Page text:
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the carcass of an animal embedded in it is perfectly preserved. With these facts we must grant, as far as quantity alone of vegetation is concerned, that the great quadrupeds of the later tertiary epochs might, in most parts of Northern Europe and Asia, have lived on the spots where their remains are now found. I do not here speak, of the kind of vegetation necessary for their support; because, as there is evidence of physical changes, and as the animals have become extinct, so may we suppose that the species of plants have likewise been changed.

These remarks, I may be permitted to add, directly bear on the case of the Siberian animals preserved in ice. The firm conviction of the necessity of a vegetation possessing a character of tropical luxuriance, to support such large animals, and the impossibility of reconciling this with the proximity of perpetual congelation, was one chief cause of the several theories of sudden revolutions of climate, and of overwhelming catastrophes, which were invented to account for their entombment. I am far from supposing that the climate has not changed since the period when those animals lived, which, now lie buried in the ice. At present I only wish to show, that as far as quantity of food alone is concerned, the ancient rhinoceroses might have roamed over the steppes of central Siberia (the northern parts probably being under water) even in their present condition, as well as the living rhinoceroses and elephants over the Karros of Southern Africa.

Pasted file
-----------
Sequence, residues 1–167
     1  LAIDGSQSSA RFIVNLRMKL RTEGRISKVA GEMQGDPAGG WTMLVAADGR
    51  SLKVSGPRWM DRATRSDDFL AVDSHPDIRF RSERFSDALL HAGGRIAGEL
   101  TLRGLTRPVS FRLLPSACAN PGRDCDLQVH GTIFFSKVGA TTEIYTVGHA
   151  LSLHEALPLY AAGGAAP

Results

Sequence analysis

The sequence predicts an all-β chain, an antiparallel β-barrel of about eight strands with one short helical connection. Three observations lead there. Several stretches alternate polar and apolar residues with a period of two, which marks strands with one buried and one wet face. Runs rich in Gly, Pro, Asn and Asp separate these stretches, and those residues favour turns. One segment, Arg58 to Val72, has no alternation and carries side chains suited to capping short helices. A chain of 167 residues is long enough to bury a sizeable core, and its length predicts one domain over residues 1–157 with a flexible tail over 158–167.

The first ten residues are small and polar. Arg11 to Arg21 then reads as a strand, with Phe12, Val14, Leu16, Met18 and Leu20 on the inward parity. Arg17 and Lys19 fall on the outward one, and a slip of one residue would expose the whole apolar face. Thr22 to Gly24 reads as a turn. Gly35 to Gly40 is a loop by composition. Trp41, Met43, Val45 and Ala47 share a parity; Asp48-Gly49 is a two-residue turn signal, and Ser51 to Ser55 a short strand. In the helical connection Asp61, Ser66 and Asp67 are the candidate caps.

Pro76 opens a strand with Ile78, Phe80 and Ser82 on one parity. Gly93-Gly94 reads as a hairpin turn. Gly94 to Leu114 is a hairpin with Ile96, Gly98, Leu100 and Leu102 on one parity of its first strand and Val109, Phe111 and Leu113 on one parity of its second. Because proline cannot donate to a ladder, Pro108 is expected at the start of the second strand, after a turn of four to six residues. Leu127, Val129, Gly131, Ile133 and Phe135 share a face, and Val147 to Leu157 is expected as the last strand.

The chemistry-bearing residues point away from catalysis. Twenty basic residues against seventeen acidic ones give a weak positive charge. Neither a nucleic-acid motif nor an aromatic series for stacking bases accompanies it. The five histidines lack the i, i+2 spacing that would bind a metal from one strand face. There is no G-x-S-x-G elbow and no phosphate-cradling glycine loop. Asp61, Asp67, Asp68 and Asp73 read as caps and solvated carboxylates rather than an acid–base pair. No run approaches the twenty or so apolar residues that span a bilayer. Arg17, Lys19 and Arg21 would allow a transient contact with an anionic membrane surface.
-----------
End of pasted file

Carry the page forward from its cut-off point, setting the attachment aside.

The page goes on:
I will now give an account of the habits of some of the more interesting birds which are common on the wild plains of Northern Patagonia; and first for the largest, or South American ostrich. The ordinary habits of the ostrich are familiar to every one. They live on vegetable matter, such as roots and grass; but at Bahia Blanca I have repeatedly seen three or four come down at low water to the extensive mud-banks which are then dry, for the sake, as the Gauchos say, of feeding on small fish. Although the ostrich in its habits is so shy, wary, and solitary, and although so fleet in its pace, it is caught without much difficulty by the Indian or Gaucho armed with the bolas. When several horsemen appear in a semicircle, it becomes confounded, and does not know which way to escape. They generally prefer